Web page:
Farmers gather for state's first Hemp Summit
Some had better luck than others in Illinois' first year of legal hemp production
Last updated 12/26/2019 at 11:52am
Illinois Department of Agriculture Director John Sullivan said Tuesday that interest in the newly-legalized hemp industry continues to build, but more work needs to be done for the industry to mature.
Sullivan spoke to reporters at the state's first Hemp Summit at the Illinois State Fairgrounds in Springfield where nearly 700 farmers, processors and other people involved in the hemp industry gathered to talk about what they learned during the 2019 growing season - the first season of legal hemp production in Illinois.
"People are excited. There's a lot of questions," he said. "This is an industry, I would say, in its infancy stages at the moment. We have a lot to learn and that's what our speakers are here today to talk about."
State officials won't know until next month exactly how many acres of hemp were planted or harvested, but the state certified more than 21,000 acres as being eligible for hemp planting - considerably more than officials expected.
Jeff Cox, who heads the department's medicinal plant bureau, said the agency registered 644 farmers to grow hemp and licensed 194 processors.
Hemp, a close relative of the marijuana plant, had been illegal in the United States since 1937, although the federal government did encourage its production during World War II. But after decades of debate, Congress reversed course in 2014 with passage of a Farm Bill that authorized hemp production for research purposes. It then lifted the ban entirely with passage of the 2018 Farm Bill.
Under that law, hemp is only legal if it contains no more than 0.3 percent of THC, the psychoactive ingredient in marijuana. If a crop contains any amount of THC above that limit, it is considered marijuana and must be destroyed.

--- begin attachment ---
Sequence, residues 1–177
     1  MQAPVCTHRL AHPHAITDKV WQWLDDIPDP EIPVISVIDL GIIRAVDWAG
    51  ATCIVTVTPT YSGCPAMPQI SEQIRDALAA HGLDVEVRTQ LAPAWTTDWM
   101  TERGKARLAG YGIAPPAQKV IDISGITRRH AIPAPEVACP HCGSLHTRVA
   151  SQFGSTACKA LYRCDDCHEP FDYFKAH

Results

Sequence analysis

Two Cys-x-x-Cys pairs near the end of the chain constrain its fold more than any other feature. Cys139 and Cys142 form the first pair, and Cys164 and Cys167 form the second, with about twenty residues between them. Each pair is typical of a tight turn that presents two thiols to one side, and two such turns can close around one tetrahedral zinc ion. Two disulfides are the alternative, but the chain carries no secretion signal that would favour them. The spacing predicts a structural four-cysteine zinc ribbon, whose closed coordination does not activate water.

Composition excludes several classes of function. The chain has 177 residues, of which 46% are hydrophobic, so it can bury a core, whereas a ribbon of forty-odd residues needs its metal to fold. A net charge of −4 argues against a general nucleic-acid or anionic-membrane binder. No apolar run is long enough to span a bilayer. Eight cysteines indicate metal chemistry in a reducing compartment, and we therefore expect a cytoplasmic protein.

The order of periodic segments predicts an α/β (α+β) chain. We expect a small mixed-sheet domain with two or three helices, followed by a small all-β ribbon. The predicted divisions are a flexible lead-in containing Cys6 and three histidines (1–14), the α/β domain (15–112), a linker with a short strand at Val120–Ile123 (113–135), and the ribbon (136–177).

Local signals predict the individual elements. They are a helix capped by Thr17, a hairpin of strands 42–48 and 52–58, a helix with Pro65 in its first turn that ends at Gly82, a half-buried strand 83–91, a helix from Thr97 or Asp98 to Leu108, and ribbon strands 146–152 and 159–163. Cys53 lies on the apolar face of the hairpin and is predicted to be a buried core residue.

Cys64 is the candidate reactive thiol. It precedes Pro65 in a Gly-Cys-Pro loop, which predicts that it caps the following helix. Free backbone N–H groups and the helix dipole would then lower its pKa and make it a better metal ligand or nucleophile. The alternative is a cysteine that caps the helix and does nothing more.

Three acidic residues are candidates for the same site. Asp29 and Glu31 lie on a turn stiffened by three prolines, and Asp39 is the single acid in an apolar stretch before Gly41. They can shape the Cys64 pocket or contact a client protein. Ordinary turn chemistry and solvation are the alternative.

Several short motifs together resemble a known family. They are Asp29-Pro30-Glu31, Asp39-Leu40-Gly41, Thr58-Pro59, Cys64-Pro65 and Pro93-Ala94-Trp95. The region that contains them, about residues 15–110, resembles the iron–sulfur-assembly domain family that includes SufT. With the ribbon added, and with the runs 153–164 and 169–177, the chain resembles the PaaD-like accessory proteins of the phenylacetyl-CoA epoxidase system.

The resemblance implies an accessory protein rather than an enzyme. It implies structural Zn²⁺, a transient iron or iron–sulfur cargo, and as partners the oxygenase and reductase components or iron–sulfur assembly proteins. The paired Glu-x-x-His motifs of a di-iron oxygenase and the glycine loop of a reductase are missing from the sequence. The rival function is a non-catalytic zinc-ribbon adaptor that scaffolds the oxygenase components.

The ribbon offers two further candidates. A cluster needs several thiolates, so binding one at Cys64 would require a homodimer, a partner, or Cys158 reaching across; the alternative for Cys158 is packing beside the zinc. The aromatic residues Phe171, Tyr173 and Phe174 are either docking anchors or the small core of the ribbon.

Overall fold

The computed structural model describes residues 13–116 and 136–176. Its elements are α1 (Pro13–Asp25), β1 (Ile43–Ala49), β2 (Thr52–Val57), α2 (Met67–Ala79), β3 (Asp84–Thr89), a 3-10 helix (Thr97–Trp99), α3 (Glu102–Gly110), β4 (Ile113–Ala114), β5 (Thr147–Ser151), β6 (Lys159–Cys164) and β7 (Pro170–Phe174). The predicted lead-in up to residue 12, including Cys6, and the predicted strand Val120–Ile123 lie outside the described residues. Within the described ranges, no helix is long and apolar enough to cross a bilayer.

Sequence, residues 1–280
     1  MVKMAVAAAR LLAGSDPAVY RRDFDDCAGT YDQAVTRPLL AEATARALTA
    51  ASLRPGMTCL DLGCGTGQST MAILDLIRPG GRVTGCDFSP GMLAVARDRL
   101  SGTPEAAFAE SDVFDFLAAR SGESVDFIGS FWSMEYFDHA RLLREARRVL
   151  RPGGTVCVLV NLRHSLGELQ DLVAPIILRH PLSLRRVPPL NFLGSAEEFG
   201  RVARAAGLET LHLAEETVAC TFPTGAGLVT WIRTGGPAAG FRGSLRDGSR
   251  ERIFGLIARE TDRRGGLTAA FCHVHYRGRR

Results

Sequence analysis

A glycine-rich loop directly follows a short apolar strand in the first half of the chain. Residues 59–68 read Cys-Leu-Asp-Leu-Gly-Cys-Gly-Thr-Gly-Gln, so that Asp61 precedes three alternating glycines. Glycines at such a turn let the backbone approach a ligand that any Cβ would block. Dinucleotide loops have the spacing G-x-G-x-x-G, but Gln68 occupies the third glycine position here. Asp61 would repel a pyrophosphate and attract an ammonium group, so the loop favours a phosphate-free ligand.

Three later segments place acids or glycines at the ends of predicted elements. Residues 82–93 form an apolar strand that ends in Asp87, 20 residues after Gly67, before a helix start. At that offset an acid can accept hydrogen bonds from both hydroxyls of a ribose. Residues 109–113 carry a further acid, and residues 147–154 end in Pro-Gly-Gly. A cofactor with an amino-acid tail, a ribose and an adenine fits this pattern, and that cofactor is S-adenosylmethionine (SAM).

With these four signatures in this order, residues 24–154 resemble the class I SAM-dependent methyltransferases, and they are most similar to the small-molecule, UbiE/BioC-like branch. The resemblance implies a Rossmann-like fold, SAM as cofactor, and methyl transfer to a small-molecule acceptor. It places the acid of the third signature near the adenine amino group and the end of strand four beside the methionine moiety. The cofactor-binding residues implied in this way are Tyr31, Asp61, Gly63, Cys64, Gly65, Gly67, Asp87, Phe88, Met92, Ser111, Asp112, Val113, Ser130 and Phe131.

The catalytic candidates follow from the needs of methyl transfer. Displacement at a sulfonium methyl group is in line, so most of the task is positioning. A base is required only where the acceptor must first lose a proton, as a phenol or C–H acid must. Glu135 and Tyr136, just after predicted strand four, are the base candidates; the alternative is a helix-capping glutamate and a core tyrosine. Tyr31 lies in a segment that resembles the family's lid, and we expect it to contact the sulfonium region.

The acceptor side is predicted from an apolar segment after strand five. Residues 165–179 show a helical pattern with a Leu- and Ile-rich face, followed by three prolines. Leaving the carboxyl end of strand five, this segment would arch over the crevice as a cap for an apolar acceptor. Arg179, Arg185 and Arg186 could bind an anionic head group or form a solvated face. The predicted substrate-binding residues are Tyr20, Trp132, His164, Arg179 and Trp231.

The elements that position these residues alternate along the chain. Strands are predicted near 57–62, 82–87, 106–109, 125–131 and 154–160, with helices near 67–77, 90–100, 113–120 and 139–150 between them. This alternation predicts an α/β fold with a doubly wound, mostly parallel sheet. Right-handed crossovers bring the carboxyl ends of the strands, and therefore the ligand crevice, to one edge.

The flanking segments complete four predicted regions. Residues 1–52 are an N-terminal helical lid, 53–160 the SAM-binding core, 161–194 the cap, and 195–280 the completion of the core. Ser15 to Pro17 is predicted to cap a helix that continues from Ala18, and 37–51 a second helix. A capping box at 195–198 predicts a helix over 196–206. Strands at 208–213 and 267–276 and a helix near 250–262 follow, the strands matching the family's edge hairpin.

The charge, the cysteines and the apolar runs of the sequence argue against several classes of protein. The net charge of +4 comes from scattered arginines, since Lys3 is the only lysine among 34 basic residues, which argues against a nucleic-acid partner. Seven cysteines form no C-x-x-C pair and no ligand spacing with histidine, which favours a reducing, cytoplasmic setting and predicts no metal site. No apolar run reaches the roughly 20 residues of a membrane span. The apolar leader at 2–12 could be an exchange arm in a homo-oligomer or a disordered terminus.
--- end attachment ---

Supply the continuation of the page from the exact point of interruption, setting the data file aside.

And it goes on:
Some farmers grow hemp for its fiber, which can be used in a wide variety of products such as rope, cloth and even building materials. So far in Illinois, however, hemp farmers have focused exclusively on a variety that produces CBD oil, thought to have a number of medicinal uses, ranging from an anti-inflammatory treatment to controlling seizures.
That's mainly because there are not yet any industrial facilities to process hemp fiber in Illinois, and only a limited number of processors for hemp oil.
"There's a huge need for more processing capacity in the state," said Justin Ward, cofounder of Stoney Branch Ag Ventures, near Rushville - a company that provides custom farming and consulting services to hemp producers. "I have a number of farmers who are having issues with getting their product into processing, and I know what few processors we have in the state are very backed up."
As the planting season began this past spring, some people were estimating farmers could make as much as $90,000 to $160,000 per acre growing hemp for oil. But as some found out this year, the new hemp supply drove prices down.
"There was a lot of discussion about get-rich-quick," Sullivan said. "You've got to keep in mind, Illinois is not the only state doing this. Nearly every state in the country is in this process."
Even with the price drop, however, Ward said he had a successful year.
"We had a very successful year producing for CBD," he said. "We already have our product on shelves in stores all over the state, so we had a very successful first season."
Some other hemp farmers weren't as fortunate, though. Trent Lawrence, who started growing hemp on a farm near Delavan, where he also grows organic vegetables, had the experience that all farmers dread.
"We actually had a tornadic super cell pass over our farm the day we were supposed to start harvesting," he said. "It broke all of our plants -the whole field. It touched down about a quarter-mile from our farm and went directly over us."
Lawrence said he ended up harvesting very little crop, a significant loss considering how labor- and capital-intensive hemp farming is, but he said he fully intends to try again in 2020.
"I got all the equipment now. I've got to keep doing it," he said. "Every year is not going to be as bad as this year."